“Being the person that I am, I think now he realizes he made some horrible decisions back in February (2020),” she said. “Unfortunately, his apology doesn’t bring back my son, but I do accept the apology.”
Brian later issued a similar apology, but Arbery’s father, Marcus Arbery Sr., dismissed Bryan’s words.
“When this first happened, he should have shown some kind of remorse then,” Arbery said. “When you get caught up and it’s looking bad for you, that’s when you’re trying to apologize. That’s a bad time to apologize. He should have done that day one.”
Attorney Ben Crump, who represents the Arbery family, said he hopes it is a “turning point in the civil rights movement.”
“This sentence sends a message that vigilantes cannot hunt down and kill an innocent Black man, putting themselves in the roles of police, judge and executioner, without paying a high price,” he said in a statement.
Judge denies McMichaels’ requests to remain in federal custody
Travis McMichael’s attorney Amy Lee Copeland argued Monday for her client to remain in federal custody and to serve out his prison term with the Federal Bureau of Prisons rather than the Georgia Department of Corrections.
Travis McMichael fears for his life in a state prison, Copeland said, telling the court his client had received “hundreds” of threats. Forcing him to serve the time in a Georgia state prison would essentially amount to a “backdoor death penalty” that could leave McMichael vulnerable to “vigilante justice,” she argued, acknowledging the “rich irony.”
Gregory McMichael’s attorney made a similar request, but argued that the 66-year-old should be kept in federal custody for his health.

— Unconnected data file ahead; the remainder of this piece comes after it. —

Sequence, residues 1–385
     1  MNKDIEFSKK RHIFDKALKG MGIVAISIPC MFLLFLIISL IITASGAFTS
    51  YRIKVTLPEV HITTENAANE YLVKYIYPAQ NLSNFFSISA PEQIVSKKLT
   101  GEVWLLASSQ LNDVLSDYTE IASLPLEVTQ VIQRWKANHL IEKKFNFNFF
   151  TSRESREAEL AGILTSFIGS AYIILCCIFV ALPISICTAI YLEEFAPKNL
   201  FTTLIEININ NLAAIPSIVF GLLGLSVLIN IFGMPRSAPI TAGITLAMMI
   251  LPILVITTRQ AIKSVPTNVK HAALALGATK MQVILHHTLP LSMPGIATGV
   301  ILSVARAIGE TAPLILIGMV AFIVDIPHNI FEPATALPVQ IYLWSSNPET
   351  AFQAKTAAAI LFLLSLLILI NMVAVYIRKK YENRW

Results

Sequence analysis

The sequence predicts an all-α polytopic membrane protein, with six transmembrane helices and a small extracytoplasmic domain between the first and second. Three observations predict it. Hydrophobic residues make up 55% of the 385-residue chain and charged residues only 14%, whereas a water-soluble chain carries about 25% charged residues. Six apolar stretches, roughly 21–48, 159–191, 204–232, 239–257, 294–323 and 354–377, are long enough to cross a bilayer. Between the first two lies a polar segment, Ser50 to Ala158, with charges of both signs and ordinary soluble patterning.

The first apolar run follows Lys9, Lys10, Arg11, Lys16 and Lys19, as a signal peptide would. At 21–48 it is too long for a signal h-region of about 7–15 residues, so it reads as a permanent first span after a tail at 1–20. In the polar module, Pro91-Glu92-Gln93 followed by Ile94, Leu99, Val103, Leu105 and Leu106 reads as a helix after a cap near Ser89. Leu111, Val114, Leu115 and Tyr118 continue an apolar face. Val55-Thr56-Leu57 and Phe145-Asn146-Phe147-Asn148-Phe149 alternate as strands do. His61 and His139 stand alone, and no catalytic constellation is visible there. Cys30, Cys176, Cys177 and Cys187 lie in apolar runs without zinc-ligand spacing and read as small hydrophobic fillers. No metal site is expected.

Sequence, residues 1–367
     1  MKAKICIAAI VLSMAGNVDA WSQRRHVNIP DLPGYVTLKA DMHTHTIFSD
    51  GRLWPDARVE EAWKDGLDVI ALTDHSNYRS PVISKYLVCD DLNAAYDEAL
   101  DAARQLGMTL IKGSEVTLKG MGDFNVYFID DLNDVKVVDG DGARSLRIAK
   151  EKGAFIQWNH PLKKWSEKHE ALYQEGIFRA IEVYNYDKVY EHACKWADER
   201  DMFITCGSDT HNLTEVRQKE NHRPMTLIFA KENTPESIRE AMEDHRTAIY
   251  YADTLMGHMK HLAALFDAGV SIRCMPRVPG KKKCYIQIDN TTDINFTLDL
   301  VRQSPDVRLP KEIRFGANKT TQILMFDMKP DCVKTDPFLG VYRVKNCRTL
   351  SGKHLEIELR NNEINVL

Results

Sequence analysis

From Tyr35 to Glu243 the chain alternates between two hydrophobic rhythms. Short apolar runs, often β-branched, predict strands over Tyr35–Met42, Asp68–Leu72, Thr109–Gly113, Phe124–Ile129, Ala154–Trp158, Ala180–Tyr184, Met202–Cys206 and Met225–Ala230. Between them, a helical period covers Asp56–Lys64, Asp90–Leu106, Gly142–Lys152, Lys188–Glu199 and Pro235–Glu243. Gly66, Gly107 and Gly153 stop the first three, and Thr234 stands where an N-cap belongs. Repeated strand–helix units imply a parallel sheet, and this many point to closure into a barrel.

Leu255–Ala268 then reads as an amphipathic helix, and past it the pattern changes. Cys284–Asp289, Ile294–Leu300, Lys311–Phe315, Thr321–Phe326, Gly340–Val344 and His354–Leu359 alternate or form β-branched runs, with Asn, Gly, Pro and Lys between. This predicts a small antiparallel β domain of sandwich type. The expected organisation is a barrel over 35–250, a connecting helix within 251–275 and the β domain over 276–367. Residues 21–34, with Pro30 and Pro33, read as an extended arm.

Prosecutors opposed both requests. In cases in which a defendant faces charges in separate jurisdictions, they argued, the one that issues its sentence first takes precedence.
The judge agreed and denied the requests, telling Travis McMichael she had “neither the authority nor the inclination” to override the rules.
To make their case, federal prosecutors focused on how each defendant had spoken about Black people in public and in private, using inflammatory, derogatory and racist language.
Defense attorneys argued the McMichaels pursued Arbery in a pickup through neighborhood streets to stop him for police, believing he matched the description of someone captured in footage recorded at a home under construction. Prosecutors acknowledged Arbery had entered the home in the past, but he never took anything.
The defense also argued Travis McMichael shot Arbery in self-defense as they wrestled over McMichael’s shotgun. Bryan joined the pursuit in his own truck after seeing the McMichaels follow Arbery in their pickup as he ran.
Two prosecutors initially instructed Glynn County police not to make arrests, and the defendants weren’t arrested for more than two months — and only after Bryan’s video of the killing surfaced, sparking the nationwide outcry.
CNN’s Jason Hanna and Travis Caldwell contributed to this report.